Marine Le Pen’s Rassemblement National claims to be a “shield for Jews,” even though the party promotes antisemitic theories. Dividing Jews into “good” Israeli nationalists and “bad” cosmopolitans produces a modern revival of an old antisemitism.

French far-right party Rassemblement National parliamentary group president Marine Le Pen listens during a session on the situation in the Middle East at the French National Assembly in Paris on October 23, 2023. (Bertrand Guay / AFP via Getty Images)

“For many French citizens of Jewish faith, our party is a shield against Islamist ideology.” If we believe Rassemblement National (RN) president Jordan Bardella, speaking shortly after the October 7 attacks, his party has turned from an enemy of France’s Jews, to an ally. Its claimed stance against antisemitism today takes the form of “unconditionally” supporting Israel’s war on Hamas — and condemning the Left’s failure to do the same. Interviewed on Sunday, Bardella insisted that the “antisemitism” label doesn’t fit — noting that perennial candidate Marine Le Pen distanced herself from her father Jean-Marie over this exact issue. Pushed to comment on the party’s historic founder, Bardella replied that he “does not believe Jean-Marie Le Pen was antisemitic.”

The verb tense was odd: convicted Holocaust denier Jean-Marie Le Pen is still alive. But in working to “mainstream” its brand, the RN must retouch its own past. In her 2017 memoir, Marine Le Pen insists her father did “not mean to hurt anyone” when he dismissed the gas chambers as a “detail of history”; twenty-eight-year-old Bardella deflects this controversy by saying he is “too young” to have witnessed it. But not only the RN is shifting the goalposts. Take Marion Maréchal. On Tuesday she insisted that if her grandfather Jean-Marie Le Pen “was more listened to on immigration and Islamization forty years ago, there would certainly be less antisemitism today.”

Maréchal, a leader of Éric Zemmour’s Reconquête party, is heading a rival campaign to Bardella’s RN list for June’s European elections. But both make a similar claim about where antisemitism comes from: the Left, especially Jean-Luc Mélenchon’s France Insoumise, has cozied up to Islamists in the interests of winning the “Muslim vote,” while those who defend national identity and support Benjamin Netanyahu are the real friends of Jews. This Sunday, both far-right parties will join a march against antisemitism in Paris; France Insoumise will be absent, insisting that it refuses to march alongside “Nazis” or even that the march is a “rendez-vous for friends of unconditional support for the [Israeli] massacre” in Gaza.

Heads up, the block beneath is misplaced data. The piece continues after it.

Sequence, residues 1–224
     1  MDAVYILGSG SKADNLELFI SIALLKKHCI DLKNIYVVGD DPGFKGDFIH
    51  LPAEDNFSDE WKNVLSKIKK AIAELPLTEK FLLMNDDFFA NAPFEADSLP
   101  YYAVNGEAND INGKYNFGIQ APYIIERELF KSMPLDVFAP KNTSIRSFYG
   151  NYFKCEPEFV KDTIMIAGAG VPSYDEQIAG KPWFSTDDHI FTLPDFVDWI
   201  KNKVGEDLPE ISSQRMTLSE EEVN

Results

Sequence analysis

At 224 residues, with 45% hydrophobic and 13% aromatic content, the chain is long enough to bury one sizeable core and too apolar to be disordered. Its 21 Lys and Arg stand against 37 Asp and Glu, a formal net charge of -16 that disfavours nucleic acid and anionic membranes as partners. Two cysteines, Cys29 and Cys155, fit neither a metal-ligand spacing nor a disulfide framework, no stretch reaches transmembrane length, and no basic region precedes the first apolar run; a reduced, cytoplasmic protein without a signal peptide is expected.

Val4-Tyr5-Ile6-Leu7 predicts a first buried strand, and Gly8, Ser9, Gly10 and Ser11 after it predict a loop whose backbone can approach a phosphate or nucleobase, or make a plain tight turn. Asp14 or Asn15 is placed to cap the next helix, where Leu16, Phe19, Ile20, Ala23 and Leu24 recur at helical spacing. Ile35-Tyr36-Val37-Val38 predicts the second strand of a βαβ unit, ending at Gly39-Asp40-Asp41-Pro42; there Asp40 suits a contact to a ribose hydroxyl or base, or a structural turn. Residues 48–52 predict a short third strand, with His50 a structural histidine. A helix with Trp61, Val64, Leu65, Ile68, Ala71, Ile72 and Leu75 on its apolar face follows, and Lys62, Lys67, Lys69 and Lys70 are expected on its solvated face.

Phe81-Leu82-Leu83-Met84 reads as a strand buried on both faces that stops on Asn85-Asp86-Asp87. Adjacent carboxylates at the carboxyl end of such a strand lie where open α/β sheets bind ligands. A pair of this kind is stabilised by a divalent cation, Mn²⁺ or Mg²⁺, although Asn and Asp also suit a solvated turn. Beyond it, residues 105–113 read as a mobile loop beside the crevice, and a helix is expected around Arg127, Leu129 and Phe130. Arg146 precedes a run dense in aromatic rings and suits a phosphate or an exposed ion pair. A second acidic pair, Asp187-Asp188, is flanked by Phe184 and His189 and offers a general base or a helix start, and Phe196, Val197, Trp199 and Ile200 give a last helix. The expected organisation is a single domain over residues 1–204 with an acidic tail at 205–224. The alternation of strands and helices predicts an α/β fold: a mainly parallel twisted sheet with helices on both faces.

The far-right presence at the demonstration — called in response to a series of antisemitic incidents over the last month, including a stabbing in Lyon — has caused difficulties for its organizers, including allies of the president. Emmanuel Macron has warned against “confusing the rejection of Muslims with support for Jews.” Comparable rallies in the past, for instance a 2018 march after the murder of Holocaust survivor Mireille Knoll, saw Marine Le Pen either shouted down, or prevented from attending outright. This time, her presence is not really in question, and Reconquête’s attendance even less so. Center-left leaders propose a “republican cordon” by which they will be visibly separated (Socialist leader Olivier Faure initially called on “all political forces” to join the march, but later clarified that he did not mean to include Le Pen’s party).